Category ArchiveVideo Rental
Amazon adds unlimited video streaming to Prime members
The streaming video isn’t the same as Amazon Instant Video, with its collection of over 90,000 movie and television titles (allegedly the largest streaming collection in the USA). No, it’s a new service for Amazon Prime which includes 5,000 movies and TV shows, which initially include The Girl with the Dragon Tattoo trilogy, Amadeus, Syriana, and Chariots of Fire, documentaries such as Food Inc., March of the Penguins and Ken Burns’ National Parks, TV shows, such as Doctor Who, Farscape, Fawlty Towers and children’s shows, such as Arthur, Caillou, Super Why! and Mister Rogers’ Neighborhood.
At $79 per year, this service is comparable to monthly subscription services from Hulu Plus and Netflix, which are $7.99. The math makes Amazon Prime $6.58 per month. However, Hulu and Netflix have a much larger collection of titles available to them. The Amazon press release doesn’t make it clear if these Prime videos are available for streaming on electronic devices such as Samsung Blu-ray Disc players or Vizio HDTVs the way Amazon Instant Watch is currently available.
Personally, this seems more like an incentive to sign you up for Amazon Prime two-day shipping than a real challenge to Netflix. They must think members of Prime are more likely to purchase items on Amazon.com than other websites or brick and mortar stores. And for existing Prime members, a way for them to be introduced to Amazon Instant Watch where they might rent or purchase movies. But this is worth keeping an eye on.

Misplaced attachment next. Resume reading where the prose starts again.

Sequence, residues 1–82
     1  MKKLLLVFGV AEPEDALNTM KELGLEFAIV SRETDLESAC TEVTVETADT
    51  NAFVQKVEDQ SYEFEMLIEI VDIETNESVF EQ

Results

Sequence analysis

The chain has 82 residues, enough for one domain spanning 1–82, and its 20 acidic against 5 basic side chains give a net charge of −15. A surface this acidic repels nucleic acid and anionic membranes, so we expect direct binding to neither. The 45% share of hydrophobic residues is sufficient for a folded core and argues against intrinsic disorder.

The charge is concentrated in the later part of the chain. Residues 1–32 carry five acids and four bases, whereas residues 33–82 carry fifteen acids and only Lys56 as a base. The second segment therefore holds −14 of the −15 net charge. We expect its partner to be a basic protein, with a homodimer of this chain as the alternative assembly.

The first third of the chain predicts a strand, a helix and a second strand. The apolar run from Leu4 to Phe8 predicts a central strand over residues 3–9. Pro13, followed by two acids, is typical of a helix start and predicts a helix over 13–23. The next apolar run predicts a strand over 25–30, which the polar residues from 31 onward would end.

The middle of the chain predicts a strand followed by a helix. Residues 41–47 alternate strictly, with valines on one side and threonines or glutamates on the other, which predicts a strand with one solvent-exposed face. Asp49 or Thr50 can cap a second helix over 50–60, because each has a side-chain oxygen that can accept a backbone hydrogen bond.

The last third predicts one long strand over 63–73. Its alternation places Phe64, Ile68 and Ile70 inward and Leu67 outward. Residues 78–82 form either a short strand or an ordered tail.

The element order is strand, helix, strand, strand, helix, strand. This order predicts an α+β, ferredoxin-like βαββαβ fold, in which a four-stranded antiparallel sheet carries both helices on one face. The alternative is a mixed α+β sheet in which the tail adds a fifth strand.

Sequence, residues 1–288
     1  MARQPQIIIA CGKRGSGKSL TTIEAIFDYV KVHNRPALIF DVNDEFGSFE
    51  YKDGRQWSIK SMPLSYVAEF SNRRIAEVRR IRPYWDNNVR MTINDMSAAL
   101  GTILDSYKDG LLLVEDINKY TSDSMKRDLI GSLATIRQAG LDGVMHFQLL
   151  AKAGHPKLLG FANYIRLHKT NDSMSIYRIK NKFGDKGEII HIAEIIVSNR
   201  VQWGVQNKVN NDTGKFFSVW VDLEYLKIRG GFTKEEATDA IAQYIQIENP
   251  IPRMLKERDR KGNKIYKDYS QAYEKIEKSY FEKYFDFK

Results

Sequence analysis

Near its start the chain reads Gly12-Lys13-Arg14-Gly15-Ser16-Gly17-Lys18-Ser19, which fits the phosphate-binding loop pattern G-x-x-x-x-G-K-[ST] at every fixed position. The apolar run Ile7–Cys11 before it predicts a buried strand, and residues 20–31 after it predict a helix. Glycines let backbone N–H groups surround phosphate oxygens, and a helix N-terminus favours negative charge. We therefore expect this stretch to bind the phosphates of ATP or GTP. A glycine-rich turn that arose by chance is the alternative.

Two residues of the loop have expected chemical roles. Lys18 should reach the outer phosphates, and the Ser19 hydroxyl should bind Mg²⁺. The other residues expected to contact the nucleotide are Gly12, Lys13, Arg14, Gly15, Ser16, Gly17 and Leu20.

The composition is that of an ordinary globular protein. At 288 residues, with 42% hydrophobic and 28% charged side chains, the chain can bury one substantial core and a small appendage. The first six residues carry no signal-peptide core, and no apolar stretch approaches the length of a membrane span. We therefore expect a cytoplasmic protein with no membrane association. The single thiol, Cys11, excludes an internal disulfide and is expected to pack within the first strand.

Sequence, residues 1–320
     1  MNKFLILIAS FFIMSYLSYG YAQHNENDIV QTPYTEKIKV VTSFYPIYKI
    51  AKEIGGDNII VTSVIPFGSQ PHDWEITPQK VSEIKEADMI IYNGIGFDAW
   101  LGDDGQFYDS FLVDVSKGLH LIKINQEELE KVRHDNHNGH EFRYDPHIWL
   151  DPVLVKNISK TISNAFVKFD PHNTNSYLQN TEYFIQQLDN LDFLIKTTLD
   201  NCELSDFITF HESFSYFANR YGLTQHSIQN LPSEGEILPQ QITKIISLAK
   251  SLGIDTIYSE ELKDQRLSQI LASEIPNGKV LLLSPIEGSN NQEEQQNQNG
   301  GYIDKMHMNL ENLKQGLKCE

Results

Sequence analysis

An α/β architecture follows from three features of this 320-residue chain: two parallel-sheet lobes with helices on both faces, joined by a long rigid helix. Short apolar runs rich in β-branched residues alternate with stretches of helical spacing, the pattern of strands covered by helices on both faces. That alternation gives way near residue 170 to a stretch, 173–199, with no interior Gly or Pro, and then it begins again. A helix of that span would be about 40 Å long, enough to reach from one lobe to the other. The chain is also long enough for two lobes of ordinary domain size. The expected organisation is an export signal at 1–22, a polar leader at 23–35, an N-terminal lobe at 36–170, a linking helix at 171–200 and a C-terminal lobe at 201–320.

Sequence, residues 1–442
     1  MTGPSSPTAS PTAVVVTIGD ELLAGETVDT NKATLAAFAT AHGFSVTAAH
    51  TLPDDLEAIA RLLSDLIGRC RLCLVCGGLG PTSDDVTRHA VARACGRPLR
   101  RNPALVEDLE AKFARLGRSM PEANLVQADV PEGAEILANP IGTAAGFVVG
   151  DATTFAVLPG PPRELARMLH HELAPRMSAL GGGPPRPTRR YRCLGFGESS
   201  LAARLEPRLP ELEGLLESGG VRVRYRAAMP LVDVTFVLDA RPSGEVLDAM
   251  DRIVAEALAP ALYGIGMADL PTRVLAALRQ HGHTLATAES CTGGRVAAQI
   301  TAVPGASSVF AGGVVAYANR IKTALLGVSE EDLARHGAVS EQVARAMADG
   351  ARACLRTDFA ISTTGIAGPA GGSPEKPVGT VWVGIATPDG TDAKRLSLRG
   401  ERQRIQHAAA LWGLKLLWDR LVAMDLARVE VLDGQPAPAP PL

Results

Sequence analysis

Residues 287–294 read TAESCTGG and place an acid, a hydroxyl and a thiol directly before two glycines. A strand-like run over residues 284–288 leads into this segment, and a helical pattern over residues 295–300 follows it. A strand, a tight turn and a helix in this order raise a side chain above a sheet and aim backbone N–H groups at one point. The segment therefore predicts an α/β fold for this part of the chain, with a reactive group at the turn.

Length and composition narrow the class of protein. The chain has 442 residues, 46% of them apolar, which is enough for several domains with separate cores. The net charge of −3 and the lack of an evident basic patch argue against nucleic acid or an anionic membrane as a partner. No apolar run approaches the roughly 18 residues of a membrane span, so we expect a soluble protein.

Press Release after the jump.
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UltraViolet gets Hollywood support
All it took was a near-collapse of the movie industry, and the bankruptcies of Hollywood mainstays like MGM, but the major studios look to be catching up to the 21st Century. Digital Entertainment Content Ecosystem announced multiple industry partners at CES 2011 to include all of the major Hollywood studios except for lone wolf Disney.
“The most highly skilled users are already downloading content, making copies and watching on any device they want,” said Mitch Singer, the chief technology officer of Sony Pictures, who has been the key executive behind Ultraviolet. “We’re trying to build a business model for everyone around that behavior.”
UltraViolet is a cross-industry cooperation to provide digital rights ownership by consumers in a simple way. It was developed due to the frustrating way every manufacturer seemed to have their own digital rights management (DRM) which didn’t play well with others.
Each consumer will have a “rights locker” that will receive the DRM information at purchase or rental. The content will be streamed or downloaded from the provider in accordance with the rights stored int he locker. The digital content may be transfered between devices or shared without obtaining additional rights.
Digital content providers signed up so far include Best Buy, Comcast, Microsoft, Panasonic, Sony and Toshiba. The content can be shared with up to six friends or family members, and can be transfered or streamed to up to twelve devices. They may also be copied to DVD or flash media for back up.
The studios and distributors retain the right to decide where and how to sel their content with UltraViolet technology, but the retailers will set the prices. Digital copies of movies and TV shows may be purchased or rented with computers, Internet-connected televisions, and with Blu-ray Discs. The estimated cost will be $11 or $12.